Highlander O2 sensors

Are some oxygen sensors better than others or do they all perform the same?
2003 Highlander here.

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Franz Fripplfrappl
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On Mon, 07 Jul 2008 08:52:47 -0700, Jeff Strickland wrote:

Yes, I'm in the ionosphere looking for a way to get back to earth.
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Franz Fripplfrappl
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Yes, some oxygen sensors are better than others.
The answer to your second question is they all perform the same function but some are less durable and are more difficult to install because they don't fit as well or they require soldering or crimping wires. Since many people do not have good soldering skills or possess the proper crimping tools, the job is done poorly and they end up needing another O2 sensor in a short time. Some sensors are not as durable as OEM sensors.
Your best and easiest bet is to use OEM sensors.
I have some questions for you: Do you think you need an oxygen sensor? How do you know that you need an oxygen sensor?
You ask a lot of questions, which is one of the best ways to learn - keep it up! I'll try to coach you on how to ask the right questions that will get you useful information. :-)
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Ray O
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On Mon, 07 Jul 2008 12:03:58 -0500, Ray O wrote:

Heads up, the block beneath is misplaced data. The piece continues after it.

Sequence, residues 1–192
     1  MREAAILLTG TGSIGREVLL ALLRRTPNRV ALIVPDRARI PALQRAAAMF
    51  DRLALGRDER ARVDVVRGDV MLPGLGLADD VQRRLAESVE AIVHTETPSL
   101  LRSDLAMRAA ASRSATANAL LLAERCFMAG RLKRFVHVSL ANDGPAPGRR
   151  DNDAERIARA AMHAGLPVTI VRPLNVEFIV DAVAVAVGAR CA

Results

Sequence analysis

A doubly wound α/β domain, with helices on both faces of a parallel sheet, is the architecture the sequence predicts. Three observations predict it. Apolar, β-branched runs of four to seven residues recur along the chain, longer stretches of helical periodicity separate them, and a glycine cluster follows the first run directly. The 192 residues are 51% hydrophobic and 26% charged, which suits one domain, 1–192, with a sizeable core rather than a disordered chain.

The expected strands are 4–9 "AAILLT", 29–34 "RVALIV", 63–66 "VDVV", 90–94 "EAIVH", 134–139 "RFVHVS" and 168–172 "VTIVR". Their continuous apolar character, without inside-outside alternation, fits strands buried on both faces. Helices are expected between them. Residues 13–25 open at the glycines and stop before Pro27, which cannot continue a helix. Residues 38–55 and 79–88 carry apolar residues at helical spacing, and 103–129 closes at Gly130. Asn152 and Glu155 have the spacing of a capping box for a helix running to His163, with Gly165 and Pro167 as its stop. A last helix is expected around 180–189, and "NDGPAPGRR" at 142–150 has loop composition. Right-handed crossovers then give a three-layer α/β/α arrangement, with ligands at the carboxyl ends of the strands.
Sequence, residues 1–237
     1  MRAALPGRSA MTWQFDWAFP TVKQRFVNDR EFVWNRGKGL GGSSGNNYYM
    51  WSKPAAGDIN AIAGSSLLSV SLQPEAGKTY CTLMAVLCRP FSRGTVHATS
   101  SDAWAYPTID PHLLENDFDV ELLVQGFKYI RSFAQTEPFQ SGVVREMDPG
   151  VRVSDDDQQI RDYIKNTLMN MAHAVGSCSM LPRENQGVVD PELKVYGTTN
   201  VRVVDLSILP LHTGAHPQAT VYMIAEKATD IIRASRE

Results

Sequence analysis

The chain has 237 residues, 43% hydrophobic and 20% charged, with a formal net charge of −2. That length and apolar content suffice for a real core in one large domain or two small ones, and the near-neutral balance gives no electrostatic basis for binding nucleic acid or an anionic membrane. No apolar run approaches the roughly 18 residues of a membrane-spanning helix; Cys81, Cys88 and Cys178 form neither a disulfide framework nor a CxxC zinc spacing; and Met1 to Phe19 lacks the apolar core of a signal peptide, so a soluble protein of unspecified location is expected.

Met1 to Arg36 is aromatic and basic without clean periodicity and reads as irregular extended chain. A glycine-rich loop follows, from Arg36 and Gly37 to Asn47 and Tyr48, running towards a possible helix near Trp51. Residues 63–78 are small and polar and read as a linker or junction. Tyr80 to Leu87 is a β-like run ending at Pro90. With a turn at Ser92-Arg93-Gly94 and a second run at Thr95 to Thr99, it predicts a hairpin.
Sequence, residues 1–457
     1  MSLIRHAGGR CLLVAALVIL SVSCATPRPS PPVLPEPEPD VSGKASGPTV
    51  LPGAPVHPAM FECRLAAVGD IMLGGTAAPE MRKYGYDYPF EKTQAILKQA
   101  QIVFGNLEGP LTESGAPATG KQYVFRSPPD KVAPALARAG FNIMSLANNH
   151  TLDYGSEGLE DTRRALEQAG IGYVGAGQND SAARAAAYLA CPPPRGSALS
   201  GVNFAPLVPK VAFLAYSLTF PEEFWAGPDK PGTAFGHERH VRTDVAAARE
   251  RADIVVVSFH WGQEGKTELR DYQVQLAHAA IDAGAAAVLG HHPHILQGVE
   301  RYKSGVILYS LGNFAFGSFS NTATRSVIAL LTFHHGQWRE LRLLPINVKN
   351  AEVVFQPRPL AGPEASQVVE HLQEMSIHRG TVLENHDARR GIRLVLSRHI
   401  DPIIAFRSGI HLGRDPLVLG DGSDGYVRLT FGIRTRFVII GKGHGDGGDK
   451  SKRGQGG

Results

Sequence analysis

No problem yet with 02 sensor. I am curious more than anything else. I believe the one(s) I have are originals. The vehicle is a 2003 Highlander with 55,000 miles. Also was wondering if replacing the unit with a better one would improve mileage.
Yes, I ask too many questions because I want to know. My friends have abandoned me because of my constant inquisitiveness. No one wants to hire me because I poke around too much. I bide my time waiting for Homeland Security to haul me away for questioning, but I'd probably have too many for them as well.
Thanks for our help and kindness.
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A new O2 sensor may or may not improve fuel economy, although the likelihood is that it will not improve fuel economy measurably. The O2 sensors for a particular application, like your 2003 Highlander, are supposed to be calibrated the same so when they are functioning properly, they should all theoretically provide the same fuel economy.
The purpose of the O2 sensor is to measure the amount of oxygen, or O2 in the exhaust gas. As O2 content goes up, the voltage of the signal it sends to the vehicle computer goes up, and based on the voltage of the signal the computer is getting, it knows how much O2 is in the gas. If there is too much O2, that means that the air/fuel mixture is too lean and so the computer sends a command to the fuel injectors to give a little more fuel. If there is too little O2, that means that the air/fuel mixture is too rich so the computer sends a command to the injectors to give shorter squirts of fuel. This too rich/too lean measurement happens a little over 60 times a minute and so the voltage signal from the O2 sensor looks kind of like a square wave pattern on an oscilloscope.